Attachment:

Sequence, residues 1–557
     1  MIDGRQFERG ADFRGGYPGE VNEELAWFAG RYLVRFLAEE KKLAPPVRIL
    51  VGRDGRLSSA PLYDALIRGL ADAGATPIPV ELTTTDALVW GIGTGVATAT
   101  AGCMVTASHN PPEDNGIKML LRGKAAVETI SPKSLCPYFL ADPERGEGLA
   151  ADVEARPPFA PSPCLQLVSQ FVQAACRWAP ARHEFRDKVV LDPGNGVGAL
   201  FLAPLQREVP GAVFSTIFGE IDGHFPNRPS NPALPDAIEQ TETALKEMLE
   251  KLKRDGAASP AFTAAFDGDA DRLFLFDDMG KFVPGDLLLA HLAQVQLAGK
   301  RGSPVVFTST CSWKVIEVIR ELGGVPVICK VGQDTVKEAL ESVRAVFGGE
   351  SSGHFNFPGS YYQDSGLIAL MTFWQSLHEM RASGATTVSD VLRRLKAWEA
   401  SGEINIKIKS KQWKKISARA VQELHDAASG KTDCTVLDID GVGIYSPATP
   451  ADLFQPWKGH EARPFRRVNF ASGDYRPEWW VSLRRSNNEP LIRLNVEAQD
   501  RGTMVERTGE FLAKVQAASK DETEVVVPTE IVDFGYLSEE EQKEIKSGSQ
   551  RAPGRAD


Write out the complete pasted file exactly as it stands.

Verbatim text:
Sequence, residues 1–557
     1  MIDGRQFERG ADFRGGYPGE VNEELAWFAG RYLVRFLAEE KKLAPPVRIL
    51  VGRDGRLSSA PLYDALIRGL ADAGATPIPV ELTTTDALVW GIGTGVATAT
   101  AGCMVTASHN PPEDNGIKML LRGKAAVETI SPKSLCPYFL ADPERGEGLA
   151  ADVEARPPFA PSPCLQLVSQ FVQAACRWAP ARHEFRDKVV LDPGNGVGAL
   201  FLAPLQREVP GAVFSTIFGE IDGHFPNRPS NPALPDAIEQ TETALKEMLE
   251  KLKRDGAASP AFTAAFDGDA DRLFLFDDMG KFVPGDLLLA HLAQVQLAGK
   301  RGSPVVFTST CSWKVIEVIR ELGGVPVICK VGQDTVKEAL ESVRAVFGGE
   351  SSGHFNFPGS YYQDSGLIAL MTFWQSLHEM RASGATTVSD VLRRLKAWEA
   401  SGEINIKIKS KQWKKISARA VQELHDAASG KTDCTVLDID GVGIYSPATP
   451  ADLFQPWKGH EARPFRRVNF ASGDYRPEWW VSLRRSNNEP LIRLNVEAQD
   501  RGTMVERTGE FLAKVQAASK DETEVVVPTE IVDFGYLSEE EQKEIKSGSQ
   551  RAPGRAD